• Direct presidential election (eg, National Popular Vote movement)


  • Reinstate Glass-Steagall to re-separate investment banking and commercial banking
  • Increase regulation of derivatives (eg, credit default swaps), including requiring transparent pricing and increased capital reserve requirements
  • Increase regulation of rating agencies (eg, Moody’s, Standard and Poor)
  • Eliminate speculators from commodity trading
  • Regulate or eliminate computerized, high-frequency trading
  • Investigate and prosecute those who helped cause financial collapse
  • Break up financial institutions that are too big to fail


  • Remove all Bush tax cuts
  • Implement simpler tax code (including taxing hedge fund managers’ fees as regular income)
  • End tax breaks for moving jobs overseas


  • Medicare for all


  • Shift from fossil fuel (eg, coal, oil, methane) to renewable energy (eg, wind, water, solar, geothermal) within 18 yrs (“clean and green in 18”) by instituting a carbon tax and switching subsidies from oil companies and ethanol to renewable, non-carbon energy
  • Strengthen the EPA


  • No more foreign wars and entanglements
  • Cut military and spying spending by half


  • Stop domestic spying
  • Habeas corpus for all citizens
  • No more rendition and torture
  • End the drug war and repeal laws against other victimless crimes

Your money or your life

I saw some car decals the other day that neatly summed up the conservative paradox. Right next to each other on the back window of a big, black SUV were the decals “T.E.A.” (taxed enough already—the TEA party) and “Semper Fi” (the slogan of the Marines). “Semper Fi,” of course is to send the message that the driver is willing to give up his life or his children’s lives to do whatAmericaneeds to have done. The “TEA” means that the driver is not willing to spend his money to do what America needs to have done.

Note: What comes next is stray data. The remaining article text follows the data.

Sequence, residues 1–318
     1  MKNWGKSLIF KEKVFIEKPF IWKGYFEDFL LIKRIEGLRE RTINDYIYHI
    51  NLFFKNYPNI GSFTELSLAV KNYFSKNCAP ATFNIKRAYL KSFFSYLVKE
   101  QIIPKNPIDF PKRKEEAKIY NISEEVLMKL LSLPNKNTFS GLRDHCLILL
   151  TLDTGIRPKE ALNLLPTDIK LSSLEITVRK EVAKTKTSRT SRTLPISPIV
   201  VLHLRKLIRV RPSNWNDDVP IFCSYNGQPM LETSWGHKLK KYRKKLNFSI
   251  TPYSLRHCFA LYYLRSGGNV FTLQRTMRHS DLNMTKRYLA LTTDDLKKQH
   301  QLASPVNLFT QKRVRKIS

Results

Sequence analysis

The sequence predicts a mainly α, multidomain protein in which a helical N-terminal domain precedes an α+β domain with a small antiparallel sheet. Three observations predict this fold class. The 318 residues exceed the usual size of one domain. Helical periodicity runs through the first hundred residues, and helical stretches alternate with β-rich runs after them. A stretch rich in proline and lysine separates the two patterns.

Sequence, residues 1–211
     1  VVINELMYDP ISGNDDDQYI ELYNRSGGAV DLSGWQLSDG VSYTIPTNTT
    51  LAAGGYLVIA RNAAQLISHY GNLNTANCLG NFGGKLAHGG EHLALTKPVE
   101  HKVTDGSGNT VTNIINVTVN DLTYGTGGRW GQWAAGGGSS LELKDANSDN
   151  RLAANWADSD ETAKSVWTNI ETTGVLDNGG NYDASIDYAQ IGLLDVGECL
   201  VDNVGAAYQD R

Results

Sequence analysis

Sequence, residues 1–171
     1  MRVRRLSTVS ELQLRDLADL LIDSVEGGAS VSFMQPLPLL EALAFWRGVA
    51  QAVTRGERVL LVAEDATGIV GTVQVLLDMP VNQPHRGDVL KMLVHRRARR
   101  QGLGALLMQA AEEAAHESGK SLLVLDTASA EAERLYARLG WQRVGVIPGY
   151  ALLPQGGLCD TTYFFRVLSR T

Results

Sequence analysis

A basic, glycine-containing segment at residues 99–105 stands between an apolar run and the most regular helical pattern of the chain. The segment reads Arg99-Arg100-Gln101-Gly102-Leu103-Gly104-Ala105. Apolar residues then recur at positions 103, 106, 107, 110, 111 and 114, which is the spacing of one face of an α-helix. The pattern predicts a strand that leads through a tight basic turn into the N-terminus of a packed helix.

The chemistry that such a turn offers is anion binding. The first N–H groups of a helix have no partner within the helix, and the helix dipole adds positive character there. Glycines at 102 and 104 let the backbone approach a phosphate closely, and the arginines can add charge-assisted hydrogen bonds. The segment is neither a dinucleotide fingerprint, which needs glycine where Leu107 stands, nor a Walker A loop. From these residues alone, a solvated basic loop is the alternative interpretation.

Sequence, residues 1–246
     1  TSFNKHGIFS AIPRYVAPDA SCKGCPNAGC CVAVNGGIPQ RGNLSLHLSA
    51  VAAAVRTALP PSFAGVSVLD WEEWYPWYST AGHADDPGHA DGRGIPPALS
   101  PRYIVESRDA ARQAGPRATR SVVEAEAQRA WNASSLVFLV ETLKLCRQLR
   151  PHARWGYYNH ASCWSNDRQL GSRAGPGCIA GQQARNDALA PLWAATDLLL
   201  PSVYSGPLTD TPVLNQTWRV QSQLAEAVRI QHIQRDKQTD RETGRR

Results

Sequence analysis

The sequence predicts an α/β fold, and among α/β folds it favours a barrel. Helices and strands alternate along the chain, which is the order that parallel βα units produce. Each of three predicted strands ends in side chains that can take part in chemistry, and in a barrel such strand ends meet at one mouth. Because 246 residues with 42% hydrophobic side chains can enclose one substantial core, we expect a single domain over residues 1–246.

Now I have two sons and fortunately have not had the experience of losing one of them. However, I have paid a lot of money in taxes. Although I don’t like paying taxes, I somehow don’t think the pain of spending a little more money could be anywhere near the agony of losing a child. Yet the 2 decals I saw suggest I’ve somehow got it backwards. The driver appears to value his money more than his children’s lives.

Why does the government’s call to spend your life remain unquestioned and unquestionable to the same people who march in the streets and spit venom at any governmental request for the lesser sacrifice of money? The disconnect  seems to transcend mere policy differences—the specific war we are asked to fight, the specific program we are asked to fund. A segment of our population embraces the concept of sacrificing a child and rejects the concept of sacrificing a portion of their income. But isn’t it the same thing, only of different magnitude? And the magnitude of the sacrifice is much, much greater when a life is given up. I think even the driver with the decals would admit this if asked explicitly, so I’d like to hear him explain why he glorifies the one sacrifice and vilifies the other? Are we not equally being asked to give of ourselves that others might benefit?

What’s even more interesting is the difference in the opportunity to contribute. Even if we wanted too, we couldn’t all serve in the Marines and fire a weapon on the front line, but we could all proudly pay for our government and its programs—and honor those who do.